I have read some excellent bookish pieces online lately! Here are the links:
1. I love L. M. Montgomery‘s Anne of Green Gables series, but did not read her other books. And so I was intrigued by this excellent essay at Tor on Montgomery’s adult novel, The Blue Castle.
Mari Ness writes,
The Blue Castle is the story of Valancy, who lives a life that makes the word “repressed” sound positively liberated. In her late 20s, she lives with her mother and her aunt in a life of relentless sameness and repression, unable even to read novels, choose the decorations for her own room, purchase her own clothing or attend a church of her choosing. Part of this stems from her family, who as individuals and en masse shredded her self-confidence, but part of this is also her society: a society that sees only one fate for women, marriage. And Valancy does not have the money or education or self-confidence to escape this.
This was a reality that Montgomery knew well from her own experience—apart from the self-confidence part. Well aware that she would inherit little or nothing from her own extended family and financially shiftless father, Montgomery realized early on that she had very few financial options other than marriage. Her extended family paid for full educations (and the occasional trip to Europe) for sons, but not for the ambitious Montgomery, who paid for her one year at college by saving up money by staying in terrible boarding houses while teaching and with a small sum from her grandmother, who apparently wanted to help equip her then-unmarried granddaughter for later life.
I will check this out.
2 Do you love George Eliot? I enjoyed Rachel Vorona Cote’s essay at Literary Hub, “Justice for Maggie: On George Eliot’s Most Underrated Heroine.”
In this plug for the heroine of The Mill on the Floss, Cote writes,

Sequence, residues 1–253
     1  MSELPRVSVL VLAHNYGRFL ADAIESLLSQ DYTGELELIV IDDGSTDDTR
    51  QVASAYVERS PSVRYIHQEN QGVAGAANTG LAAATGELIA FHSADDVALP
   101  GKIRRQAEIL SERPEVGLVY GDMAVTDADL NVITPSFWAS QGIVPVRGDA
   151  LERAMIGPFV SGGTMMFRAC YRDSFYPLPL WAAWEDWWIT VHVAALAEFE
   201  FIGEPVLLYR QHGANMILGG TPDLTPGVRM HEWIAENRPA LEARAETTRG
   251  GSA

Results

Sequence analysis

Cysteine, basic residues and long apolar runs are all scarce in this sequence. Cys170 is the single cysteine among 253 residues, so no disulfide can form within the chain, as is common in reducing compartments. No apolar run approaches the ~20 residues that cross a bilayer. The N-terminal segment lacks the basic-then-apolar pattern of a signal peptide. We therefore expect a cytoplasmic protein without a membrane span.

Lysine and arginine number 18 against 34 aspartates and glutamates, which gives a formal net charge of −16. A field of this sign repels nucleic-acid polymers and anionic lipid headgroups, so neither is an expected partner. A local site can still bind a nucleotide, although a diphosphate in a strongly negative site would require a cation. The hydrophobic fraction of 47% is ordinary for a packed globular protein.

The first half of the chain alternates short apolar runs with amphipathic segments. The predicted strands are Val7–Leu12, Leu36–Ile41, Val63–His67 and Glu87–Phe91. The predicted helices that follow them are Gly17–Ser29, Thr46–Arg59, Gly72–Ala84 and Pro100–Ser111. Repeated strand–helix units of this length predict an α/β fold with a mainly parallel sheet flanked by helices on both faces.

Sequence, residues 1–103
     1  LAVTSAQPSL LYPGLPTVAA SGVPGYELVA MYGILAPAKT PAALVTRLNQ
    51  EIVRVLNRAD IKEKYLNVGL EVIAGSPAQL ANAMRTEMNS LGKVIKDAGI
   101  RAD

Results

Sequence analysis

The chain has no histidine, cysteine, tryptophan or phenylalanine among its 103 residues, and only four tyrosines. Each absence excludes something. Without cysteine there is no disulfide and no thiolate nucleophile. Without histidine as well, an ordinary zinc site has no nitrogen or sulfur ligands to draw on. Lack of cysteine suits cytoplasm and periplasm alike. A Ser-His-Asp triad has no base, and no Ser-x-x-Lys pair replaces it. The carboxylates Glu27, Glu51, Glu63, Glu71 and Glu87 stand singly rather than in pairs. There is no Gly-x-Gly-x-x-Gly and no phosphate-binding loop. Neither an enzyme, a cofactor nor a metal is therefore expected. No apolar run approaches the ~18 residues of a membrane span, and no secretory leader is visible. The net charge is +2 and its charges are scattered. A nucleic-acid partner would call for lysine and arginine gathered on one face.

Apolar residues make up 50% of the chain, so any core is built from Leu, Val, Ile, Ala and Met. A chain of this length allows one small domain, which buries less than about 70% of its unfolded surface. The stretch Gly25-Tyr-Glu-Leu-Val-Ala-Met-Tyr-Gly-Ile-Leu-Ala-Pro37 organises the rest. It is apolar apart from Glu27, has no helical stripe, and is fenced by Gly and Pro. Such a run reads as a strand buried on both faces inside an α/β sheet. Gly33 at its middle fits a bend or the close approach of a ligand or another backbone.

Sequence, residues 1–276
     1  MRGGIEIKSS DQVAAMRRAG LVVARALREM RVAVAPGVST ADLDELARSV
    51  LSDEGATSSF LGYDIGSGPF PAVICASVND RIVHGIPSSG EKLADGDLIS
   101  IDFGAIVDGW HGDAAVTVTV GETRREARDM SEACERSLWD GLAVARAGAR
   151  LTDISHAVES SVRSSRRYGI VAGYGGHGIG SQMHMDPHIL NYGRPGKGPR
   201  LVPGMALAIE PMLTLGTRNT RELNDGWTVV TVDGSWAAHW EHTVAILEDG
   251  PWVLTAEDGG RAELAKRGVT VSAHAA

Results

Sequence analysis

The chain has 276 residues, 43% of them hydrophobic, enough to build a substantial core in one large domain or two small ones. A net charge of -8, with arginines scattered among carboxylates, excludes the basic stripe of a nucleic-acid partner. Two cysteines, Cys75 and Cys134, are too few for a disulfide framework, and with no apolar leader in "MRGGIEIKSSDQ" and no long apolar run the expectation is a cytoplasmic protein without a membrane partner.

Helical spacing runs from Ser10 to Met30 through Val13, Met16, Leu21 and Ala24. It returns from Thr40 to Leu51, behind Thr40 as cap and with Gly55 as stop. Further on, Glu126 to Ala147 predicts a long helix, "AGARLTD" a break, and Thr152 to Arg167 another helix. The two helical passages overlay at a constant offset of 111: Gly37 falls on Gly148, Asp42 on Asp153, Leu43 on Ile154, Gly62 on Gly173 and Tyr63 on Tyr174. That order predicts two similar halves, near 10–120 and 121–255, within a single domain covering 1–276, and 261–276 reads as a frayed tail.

I’m always on the watch for Too Much Heroines—women who, in the face of patriarchal dictates, cannot or will not contain themselves emotionally, sexually, physically, or intellectually. A heroine like Maggie Tulliver, one who, over the course of her life, is considered too clever and impetuous and exuberant, commits the gravest of crimes: she occupies space explicitly denied to her. Maggie emotes with lavish immoderation; reads everything her brother does, and exponentially more; and, as a child, thwarts attempts to render her a dainty specimen of girlhood. In other words, she demonstrates a fundamental aversion to gender conventions. You might reasonably compare her to Catherine Earnshaw, minus the sociopathy, or to Anne Shirley, sans the preoccupation with storybook romance, or even call her a Victorian Ramona Quimby.
My favorite Eliot heroine is the difficult, proud Gwendolen Harleth in Daniel Deronda. Who is yours?
3 One of my favorite books, Rachel Ingalls’ Mrs. Caliban, has been reissued by New Directions. The heroine of this sad, witty, moving novel is Dorothy Caliban, a desolate housewife who falls in love with a monster, Larry. Wouldn’t you have given refuge to an amphibious monster on the run from a research lab, too, if your child had died and your husband was cheating? Poor Dorothy!
Jean Zimmerman writes at NPR:
This season’s secret weapon in literary cocktail banter will be Mrs. Caliban, a peculiar but wonderful and long-overlooked novella by Rachel Ingalls. Originally published in 1983 and seemingly doomed to a dead end ride on the oblivion express, Mrs. Caliban was briefly rescued by an unlikely deus ex machina: The British Book Marketing Council, which in 1986 named it “one of the 20 greatest American novels since World War II.” Its 15 minutes in the public eye ended quickly enough, and this strange, unlikely fable once again sank into obscurity.
Read it as a monster novel, or as a parable. We Are All Mrs. Caliban! (That makes no sense, but I can imagine the words on a sign on a protest march.)
4 Did you know that 2018 is the bicentenary of Mary Shelley’s Frankenstein? At NPR I read a fascinating review of Christopher Frayling’s new book, Frankenstein: The First Two Hundred Years.
Genevieve Valentine writes,
Half scholarly study, half art book, The First Two Hundred Years offers some great details about the story’s blockbuster success on the stage, and you-know-this-one glimpses of the movie versions of everyone’s favorite monster. But it spends the bulk of its energy on the moving pieces behind the novel itself. Mary Shelley introduced her tale in the famous story contest with Lord Byron and her husband Percy in a villa outside Geneva one dark and stormy night, but beneath it was a sea of contributing factors: Her research into galvanism, her parents’ social views, the landscape of their journey, and her own inner strain (as big a demon, Frayling suggests, as anything in their horror stories).
I do love Shelley’s Frankenstein and this book sounds fascinating. The cover of Grayling’s book is so hideous, though, that I went with an image of Shelley’s novel.